The coronavirus pandemic has created some choppy waters for the Maritime Museum of San Diego but after a series of shutdowns, the attraction will reopen – again – to the public this Saturday.
Of course, the Maritime Museum’s reopening comes with a new set of pandemic-era rules and safety guidelines set forth by state and local health officials. The museum said it is closely following those rules and recommendations from the Centers for Disease Control and Prevention, as it safely reopens to the public.
Under its latest round of reopening protocols, the museum of tall, historic ships will be open daily from 10 a.m. to 5 p.m.
To stagger how many people are at the landmark at once, the museum will run “Timed-Ticketing,” monitoring capacity every 15 minutes. Capacity will be reduced so visitors are able to keep the proper social distance from one another. With those ticketing systems in place, the museum said visitors could experience a short wait to get in, so patience will be key.
"We put a lot of thought in reinventing ourselves as an outdoor museum that would allow us to be open like the zoo is," said Ray Ashley, President and CEO of the museum.
The Maritime Museum is spread out among several docked historic ships – including the iconic Star of India – and the museum believes that this unique set-up will help them keep visitors safely distanced from one another.
"The Star of India is the most recognizable icon in San Diego so opening the ship once again, it's important to the community," Ashley said.
The museum has also set up 6-foot markers on the decks of the vessels to remind visitors about the social distance rules. There is a new one-way tour path, too.
Also on deck: temperature checks and wellness screenings, now required for all staff, volunteers, and visitors before they enter the museum. All staff and visitors must also wear face masks, all the time.
"It’s not going to be forever but we do have to adapt to the current circumstances and anticipate they’re going to remain like this for some time," Ashley said.
The attraction is still offering some of its on-the-water experiences, including the 45-minute Pilot Boat Bay Tour, but others are temporarily not available. It’s best to check the museum’s website ahead of your visit to get the latest updates on what is and isn’t open there.
"You can see a group of people here going on a boat ride," said Aaron Smith, who visited the Museum on Saturday. "It's part of the admission when you come to the maritime museum. It used to cost extra, but it's free right now as the museum tries to attract more visitors while still maintaining their safety."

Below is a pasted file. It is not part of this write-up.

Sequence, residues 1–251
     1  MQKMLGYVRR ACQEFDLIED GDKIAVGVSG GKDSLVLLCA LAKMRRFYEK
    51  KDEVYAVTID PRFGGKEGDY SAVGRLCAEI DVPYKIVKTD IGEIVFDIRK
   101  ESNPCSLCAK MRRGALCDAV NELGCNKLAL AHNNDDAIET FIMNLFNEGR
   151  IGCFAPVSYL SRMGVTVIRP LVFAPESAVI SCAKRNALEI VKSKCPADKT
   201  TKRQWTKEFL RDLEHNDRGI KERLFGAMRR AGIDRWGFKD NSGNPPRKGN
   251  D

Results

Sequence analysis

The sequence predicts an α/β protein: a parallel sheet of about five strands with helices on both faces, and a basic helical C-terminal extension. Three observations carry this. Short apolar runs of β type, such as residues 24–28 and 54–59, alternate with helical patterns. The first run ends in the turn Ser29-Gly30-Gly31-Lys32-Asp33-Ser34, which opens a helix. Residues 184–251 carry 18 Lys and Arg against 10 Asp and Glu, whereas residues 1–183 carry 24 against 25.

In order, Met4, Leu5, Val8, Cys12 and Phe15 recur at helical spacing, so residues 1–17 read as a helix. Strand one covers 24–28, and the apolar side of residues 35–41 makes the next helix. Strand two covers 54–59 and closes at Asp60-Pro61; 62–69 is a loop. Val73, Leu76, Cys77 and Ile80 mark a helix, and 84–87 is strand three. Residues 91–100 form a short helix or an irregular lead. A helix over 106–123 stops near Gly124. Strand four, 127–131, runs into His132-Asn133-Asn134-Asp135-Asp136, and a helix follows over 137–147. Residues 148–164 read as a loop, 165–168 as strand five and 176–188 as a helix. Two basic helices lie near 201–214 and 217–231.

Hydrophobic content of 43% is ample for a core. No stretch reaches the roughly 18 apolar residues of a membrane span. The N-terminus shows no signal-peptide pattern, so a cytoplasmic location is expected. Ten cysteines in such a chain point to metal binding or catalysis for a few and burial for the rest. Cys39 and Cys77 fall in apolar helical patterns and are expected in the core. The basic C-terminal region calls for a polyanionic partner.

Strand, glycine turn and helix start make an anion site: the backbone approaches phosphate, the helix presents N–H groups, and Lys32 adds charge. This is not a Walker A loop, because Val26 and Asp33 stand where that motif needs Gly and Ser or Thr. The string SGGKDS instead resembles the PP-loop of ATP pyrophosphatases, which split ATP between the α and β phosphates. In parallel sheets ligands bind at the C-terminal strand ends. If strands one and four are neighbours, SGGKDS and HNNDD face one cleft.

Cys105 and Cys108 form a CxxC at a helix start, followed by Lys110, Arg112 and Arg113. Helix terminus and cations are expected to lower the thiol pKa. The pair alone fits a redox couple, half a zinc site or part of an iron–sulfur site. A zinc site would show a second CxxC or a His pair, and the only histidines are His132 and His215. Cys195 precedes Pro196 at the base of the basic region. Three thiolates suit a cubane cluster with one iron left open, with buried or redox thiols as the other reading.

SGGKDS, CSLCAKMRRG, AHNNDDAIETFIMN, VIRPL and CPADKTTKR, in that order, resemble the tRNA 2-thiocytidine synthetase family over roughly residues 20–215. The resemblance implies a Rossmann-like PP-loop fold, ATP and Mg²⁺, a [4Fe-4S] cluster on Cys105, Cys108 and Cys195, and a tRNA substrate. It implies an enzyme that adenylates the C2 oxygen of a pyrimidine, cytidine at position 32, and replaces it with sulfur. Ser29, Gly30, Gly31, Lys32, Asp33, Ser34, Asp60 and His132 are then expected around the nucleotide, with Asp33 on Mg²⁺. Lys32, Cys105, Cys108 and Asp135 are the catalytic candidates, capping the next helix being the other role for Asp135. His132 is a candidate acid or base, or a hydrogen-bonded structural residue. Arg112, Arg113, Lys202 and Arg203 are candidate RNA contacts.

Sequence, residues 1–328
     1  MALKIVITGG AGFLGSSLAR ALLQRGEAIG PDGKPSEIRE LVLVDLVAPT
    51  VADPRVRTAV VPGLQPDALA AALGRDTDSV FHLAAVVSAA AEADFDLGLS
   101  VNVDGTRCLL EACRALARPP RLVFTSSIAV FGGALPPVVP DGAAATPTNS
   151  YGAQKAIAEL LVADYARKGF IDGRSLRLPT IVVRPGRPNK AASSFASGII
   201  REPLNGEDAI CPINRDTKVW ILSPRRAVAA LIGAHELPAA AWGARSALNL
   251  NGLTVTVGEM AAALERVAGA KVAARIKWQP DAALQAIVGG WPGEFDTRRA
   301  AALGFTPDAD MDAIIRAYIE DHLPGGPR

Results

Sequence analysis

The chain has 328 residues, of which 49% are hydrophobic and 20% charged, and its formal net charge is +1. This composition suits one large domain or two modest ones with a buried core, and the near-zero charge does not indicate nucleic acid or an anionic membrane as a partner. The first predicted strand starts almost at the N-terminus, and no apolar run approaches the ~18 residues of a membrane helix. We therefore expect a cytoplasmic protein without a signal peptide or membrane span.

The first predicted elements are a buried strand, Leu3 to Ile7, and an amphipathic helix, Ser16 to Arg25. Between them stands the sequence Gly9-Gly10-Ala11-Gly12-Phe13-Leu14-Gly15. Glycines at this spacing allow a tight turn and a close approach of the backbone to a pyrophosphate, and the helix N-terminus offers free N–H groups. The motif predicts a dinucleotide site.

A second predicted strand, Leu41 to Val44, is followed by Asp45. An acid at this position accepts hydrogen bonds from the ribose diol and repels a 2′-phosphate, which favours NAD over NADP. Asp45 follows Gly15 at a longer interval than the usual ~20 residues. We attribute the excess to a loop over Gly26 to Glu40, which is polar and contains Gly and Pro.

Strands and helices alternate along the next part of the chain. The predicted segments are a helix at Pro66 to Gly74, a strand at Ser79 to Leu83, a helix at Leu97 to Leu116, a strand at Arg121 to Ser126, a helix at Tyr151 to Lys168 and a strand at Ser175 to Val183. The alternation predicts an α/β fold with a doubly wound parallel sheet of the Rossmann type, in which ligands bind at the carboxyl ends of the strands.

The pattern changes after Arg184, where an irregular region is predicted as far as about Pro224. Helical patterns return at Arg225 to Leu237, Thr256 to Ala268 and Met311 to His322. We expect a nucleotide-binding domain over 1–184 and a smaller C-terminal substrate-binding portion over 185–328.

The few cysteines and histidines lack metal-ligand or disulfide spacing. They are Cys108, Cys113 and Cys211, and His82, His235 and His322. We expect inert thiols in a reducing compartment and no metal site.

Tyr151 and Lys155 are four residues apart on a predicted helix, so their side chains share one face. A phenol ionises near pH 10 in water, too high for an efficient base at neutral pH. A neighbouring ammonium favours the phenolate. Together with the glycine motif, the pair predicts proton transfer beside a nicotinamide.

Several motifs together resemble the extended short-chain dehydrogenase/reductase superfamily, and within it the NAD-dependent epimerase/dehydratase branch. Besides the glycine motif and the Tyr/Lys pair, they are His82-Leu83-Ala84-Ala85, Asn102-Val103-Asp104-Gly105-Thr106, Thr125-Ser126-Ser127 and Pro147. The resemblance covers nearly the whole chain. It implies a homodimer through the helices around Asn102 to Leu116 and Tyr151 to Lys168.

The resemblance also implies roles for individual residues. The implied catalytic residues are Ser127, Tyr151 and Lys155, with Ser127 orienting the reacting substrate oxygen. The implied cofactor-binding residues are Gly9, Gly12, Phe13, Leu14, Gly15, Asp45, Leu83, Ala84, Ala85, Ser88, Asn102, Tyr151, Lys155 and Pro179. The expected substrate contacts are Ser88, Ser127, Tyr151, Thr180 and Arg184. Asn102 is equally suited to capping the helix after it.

Some interior exhibit areas remain closed for public safety and only self-guided tours are available right now, as group tours are temporarily discontinued. USS Dolphin, Soviet Naval Submarines, and HMS Surprise will also remain closed. The self-guided tour begins at the Berkeley steamboat and ends with the Star of India.
Maritime Museum docents, staff, and volunteers will still be stationed throughout the tour to help guests with any questions.
The museum’s gift shop remains closed due to its “high-touch” nature, the museum said.
Additional sanitation, disinfection and cleaning procedures have been implemented throughout the attraction, and there are more hand sanitizer dispensers available for visitors to use, the museum said.
As for tickets, the museum urges visitors to go “touch-free” and buy tickets online in advance. Museum Ticket Booth machines near the attraction will still sell tickets, but bring a credit or debit card, because cash will not be accepted.
Tickets cost $20 for adults and $10 for kids age 12 and under. Seniors (62+), military and students can get in for $15.
The Maritime Museum was temporarily closed in mid-March as the coronavirus pandemic reached San Diego County and restrictions for businesses – including museums – went into effect.
The museum was able to reopen on July 1, but that progress was short-lived.
As COVID-19 cases surged across California and San Diego County, museums – among many other types of businesses and attractions – were ordered to close again in an effort to help slow the spread of the virus across the state.
The Maritime Museum closed again, six days after its brief first reopening.
Over the past six weeks, the Maritime Museum has used the downtime to give its tall ships and facilities a facelift. The museum is normally a very busy tourist attraction, so this kind of time to get work like this done is rare. You can read all about that here.
The Maritime Museum of San Diego is located along north Embacadero and is home to the Star of India, the world’s oldest active sailing ship. The museum’s fleet also includes tall ships, steam-powered boats and submarines, and exhibitions that highlight maritime heritage.
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